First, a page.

The American Israel Public Affairs Committee is one of the biggest lobbying groups in America focusing on Israel, and the group said more than 18,000 Americans attended the conference, including more than two thirds of Congress.
Vice President Mike Pence, Senate Majority Leader Mitch McConnell (R-Ky.), and Sen. Chuck Schumer (D-N.Y.) were among the attendees this year. The conference took place from March 1 to March 3.
In an email to people who went to the conference, the group said that at least two conference attendees from New York tested positive for the new virus, which causes a disease called COVID-19 that has killed thousands across the world since late last year.
Anyone who tests positive for the new virus should call their local health authorities, AIPAC organizers said.
Organizers said they were in “constant communication” with the Westchester County Health Department in New York and the D.C. Health Department, which is coordinating with New York and national health authorities. Organizers said they’ve consulted with Dr. Edward Septimus, a top infectious disease specialist who teaches at Texas A&M College of Medicine.
The D.C. Health Department said in a statement that a joint investigation with the New York State Department of Health has so far identified no risk to conference attendees at this time.
People who attended the conference should stay home if sick and call ahead to their doctor if experiencing symptoms of the new virus, the department said. Symptoms of the virus are similar to those for the flu and include fever, cough, and shortness of breath.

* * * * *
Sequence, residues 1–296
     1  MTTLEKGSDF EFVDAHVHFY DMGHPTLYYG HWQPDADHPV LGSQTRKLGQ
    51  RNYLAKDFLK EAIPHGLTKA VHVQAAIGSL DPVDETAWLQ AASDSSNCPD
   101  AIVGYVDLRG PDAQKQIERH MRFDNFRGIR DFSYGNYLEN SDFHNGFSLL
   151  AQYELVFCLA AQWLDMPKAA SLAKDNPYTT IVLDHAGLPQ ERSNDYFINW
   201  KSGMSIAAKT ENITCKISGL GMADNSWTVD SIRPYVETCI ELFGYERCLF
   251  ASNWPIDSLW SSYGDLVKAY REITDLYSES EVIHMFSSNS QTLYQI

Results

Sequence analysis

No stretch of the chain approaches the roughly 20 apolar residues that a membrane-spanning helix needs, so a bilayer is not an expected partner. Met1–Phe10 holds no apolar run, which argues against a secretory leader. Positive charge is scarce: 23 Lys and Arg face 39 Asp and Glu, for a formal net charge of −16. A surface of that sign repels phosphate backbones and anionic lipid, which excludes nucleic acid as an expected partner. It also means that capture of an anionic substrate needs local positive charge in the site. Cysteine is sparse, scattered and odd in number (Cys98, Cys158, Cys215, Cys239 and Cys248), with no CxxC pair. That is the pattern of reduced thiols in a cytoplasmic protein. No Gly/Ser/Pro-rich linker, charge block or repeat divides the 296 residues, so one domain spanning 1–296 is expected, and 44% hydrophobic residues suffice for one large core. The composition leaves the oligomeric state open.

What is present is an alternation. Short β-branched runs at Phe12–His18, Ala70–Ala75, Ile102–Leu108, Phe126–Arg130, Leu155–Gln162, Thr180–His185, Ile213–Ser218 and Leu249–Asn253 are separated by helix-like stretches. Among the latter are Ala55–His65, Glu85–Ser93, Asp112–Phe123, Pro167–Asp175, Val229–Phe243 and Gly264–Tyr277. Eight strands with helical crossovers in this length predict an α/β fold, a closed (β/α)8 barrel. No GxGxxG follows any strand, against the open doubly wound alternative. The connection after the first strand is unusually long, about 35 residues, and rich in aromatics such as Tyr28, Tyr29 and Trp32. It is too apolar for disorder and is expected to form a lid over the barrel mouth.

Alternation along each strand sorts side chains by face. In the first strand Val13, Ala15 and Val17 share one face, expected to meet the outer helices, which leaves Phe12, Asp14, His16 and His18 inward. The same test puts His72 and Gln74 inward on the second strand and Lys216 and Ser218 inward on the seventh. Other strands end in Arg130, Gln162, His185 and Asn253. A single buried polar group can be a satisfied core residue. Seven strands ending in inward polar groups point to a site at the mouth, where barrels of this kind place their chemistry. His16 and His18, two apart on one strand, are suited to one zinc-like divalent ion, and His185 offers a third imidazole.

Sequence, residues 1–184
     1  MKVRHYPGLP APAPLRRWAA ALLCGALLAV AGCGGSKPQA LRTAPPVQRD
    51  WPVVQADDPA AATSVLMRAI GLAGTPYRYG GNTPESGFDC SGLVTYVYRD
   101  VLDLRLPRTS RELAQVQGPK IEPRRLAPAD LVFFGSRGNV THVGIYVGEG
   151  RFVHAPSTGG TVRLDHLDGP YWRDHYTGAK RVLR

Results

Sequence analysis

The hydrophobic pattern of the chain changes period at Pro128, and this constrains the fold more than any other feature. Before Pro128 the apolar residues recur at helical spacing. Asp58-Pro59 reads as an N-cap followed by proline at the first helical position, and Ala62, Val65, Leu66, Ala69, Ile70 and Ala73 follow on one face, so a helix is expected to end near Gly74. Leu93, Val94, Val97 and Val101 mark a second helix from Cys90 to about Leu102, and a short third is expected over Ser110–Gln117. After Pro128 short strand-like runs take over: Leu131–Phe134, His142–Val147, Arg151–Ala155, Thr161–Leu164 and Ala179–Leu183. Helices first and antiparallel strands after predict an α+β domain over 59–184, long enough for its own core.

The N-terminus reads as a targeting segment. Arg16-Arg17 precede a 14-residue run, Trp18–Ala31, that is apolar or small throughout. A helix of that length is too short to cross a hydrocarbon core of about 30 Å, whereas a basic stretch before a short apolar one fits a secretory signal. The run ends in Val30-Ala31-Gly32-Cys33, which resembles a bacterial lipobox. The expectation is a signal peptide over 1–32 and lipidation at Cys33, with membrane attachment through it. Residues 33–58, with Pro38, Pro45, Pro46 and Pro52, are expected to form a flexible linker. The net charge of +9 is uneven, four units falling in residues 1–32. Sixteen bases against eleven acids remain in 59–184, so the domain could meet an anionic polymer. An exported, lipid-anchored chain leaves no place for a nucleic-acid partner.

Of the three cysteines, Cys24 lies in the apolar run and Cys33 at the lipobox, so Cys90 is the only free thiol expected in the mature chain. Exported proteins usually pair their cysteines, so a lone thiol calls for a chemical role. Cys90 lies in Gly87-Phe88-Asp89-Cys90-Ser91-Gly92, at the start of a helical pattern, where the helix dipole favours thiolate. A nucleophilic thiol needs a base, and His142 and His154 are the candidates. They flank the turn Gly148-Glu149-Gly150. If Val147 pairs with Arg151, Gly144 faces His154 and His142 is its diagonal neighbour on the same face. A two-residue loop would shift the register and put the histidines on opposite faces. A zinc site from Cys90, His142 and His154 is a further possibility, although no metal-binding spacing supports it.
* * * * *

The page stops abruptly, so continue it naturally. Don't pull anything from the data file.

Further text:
Israel on Wednesday said that any Israelis returning from international conferences held outside the country would be required to stay at home for 14 days after arriving back in the country. The country’s Health Ministry also banned mass events and tourists who were recently in Iran, Iraq, Syria, or Lebanon.
One of the largest clusters of cases in the United States is in Westchester County, which sits just outside New York City.
A 50-year-old lawyer who lives in New Rochelle in the county and works in Manhattan, New York, tested positive for the virus in recent days. Authorities said he first showed symptoms on Feb. 22 and was taken to a hospital in Westchester on Feb. 27 before being transferred to New York-Presbyterian/Columbia University Irving Medical Center in Manhattan.
The man is in severe condition.
The man’s children and wife tested positive for the virus, prompting officials to close SAR Academy and High School and Yeshiva University. A neighbor who drove the man to the hospital also tested positive.
Authorities have since reported 30 more cases in Westchester County, including a friend who spent time with the lawyer and the friend’s wife and children.
Gov. Andrew Cuomo said the case count in the state would continue to rise as more people are tested.
“We want to keep testing and finding more people who are testing positive because that’s how you contain the outbreak—find the person who got infected, quarantine them, and reduce the infection rate,” he said at a press conference on Friday.
New York City has confirmed five cases. Mayor Bill de Blasio said Friday that authorities are “seeing more examples of community transmission … between people who have no direct connection to travel to one of the affected countries.”
New Yorkers were urged to stay home if feeling sick, wash hands frequently and thoroughly, and avoid handshake and other hand-to-hand contact.
People should report symptoms to health authorities and if they don’t get better in one to two days, they should see their doctor, de Blasio said. If people don’t have a doctor or don’t know where to get care, they should call 311.